Savings: $10 - $25
Niagara Falls has a few waterparks and I'm proud to say I've been to all of them. Each has their own uniqueness, but I have to say my favourite and the best value is Great Wolf Lodge. Because only hotel guests can use the waterpark, Great Wolf Lodge is really never that crowded and I've been there when the hotel was sold out over Christmas break. There are also quite a few other things to do at the hotel, although there is also an additional cost, so be aware that you might spend more money, even if you don't leave the hotel. The restaurant there offers a buffet for breakfast, lunch and dinner and while I found it pricey, it is cheaper than going out to the Falls to eat (as I found out the hard way). As I said above, bring any food that you can from home and save some money. We also been to Waves, which is a much smaller waterpark, and while fun, I think it is best for parents with babies and not older children. They also let in people from other hotels, including daycares and school groups, and the cost of a hotel room with an included waterpark pass is not that much cheaper than Great Wolf Lodge. The Fallsview waterpark is what I would call, the worst deal. It gets insanely crowded because anyone can attend and it is $50 a person to get in, aged three and up. You can get passes from Costco, which are only $28 a person, and so much better of a deal, but don't plan on getting them anywhere near Niagara, because they won't have them in the store. You can order online and print at home though. You can also get hotel deals for the Fallsview, but the deals I found were still quite expensive and not worth it in my opinion.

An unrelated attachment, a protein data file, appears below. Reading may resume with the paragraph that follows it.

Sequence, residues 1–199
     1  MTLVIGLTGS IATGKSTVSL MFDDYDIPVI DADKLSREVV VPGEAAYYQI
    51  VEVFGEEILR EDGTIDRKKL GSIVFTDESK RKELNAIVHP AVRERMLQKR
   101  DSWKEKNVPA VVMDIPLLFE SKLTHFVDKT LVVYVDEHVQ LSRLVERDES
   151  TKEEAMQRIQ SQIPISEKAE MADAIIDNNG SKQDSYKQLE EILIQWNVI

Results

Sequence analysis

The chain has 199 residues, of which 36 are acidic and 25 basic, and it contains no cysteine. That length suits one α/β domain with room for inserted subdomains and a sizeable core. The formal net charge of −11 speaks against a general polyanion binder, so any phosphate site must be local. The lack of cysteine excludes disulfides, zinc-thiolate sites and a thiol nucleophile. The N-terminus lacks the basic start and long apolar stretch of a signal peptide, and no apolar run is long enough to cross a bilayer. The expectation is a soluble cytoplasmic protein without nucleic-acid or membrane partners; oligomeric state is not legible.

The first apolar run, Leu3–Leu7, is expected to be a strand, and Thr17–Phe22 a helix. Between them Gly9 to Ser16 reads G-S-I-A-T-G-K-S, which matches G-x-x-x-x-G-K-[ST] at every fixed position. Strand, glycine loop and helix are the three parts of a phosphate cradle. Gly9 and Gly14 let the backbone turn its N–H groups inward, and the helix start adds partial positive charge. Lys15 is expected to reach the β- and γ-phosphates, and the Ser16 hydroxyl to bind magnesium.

Bargainmoosers, what do you like to do in Niagara Falls and how do you save money when visiting there?
Photo credit: Adrian MB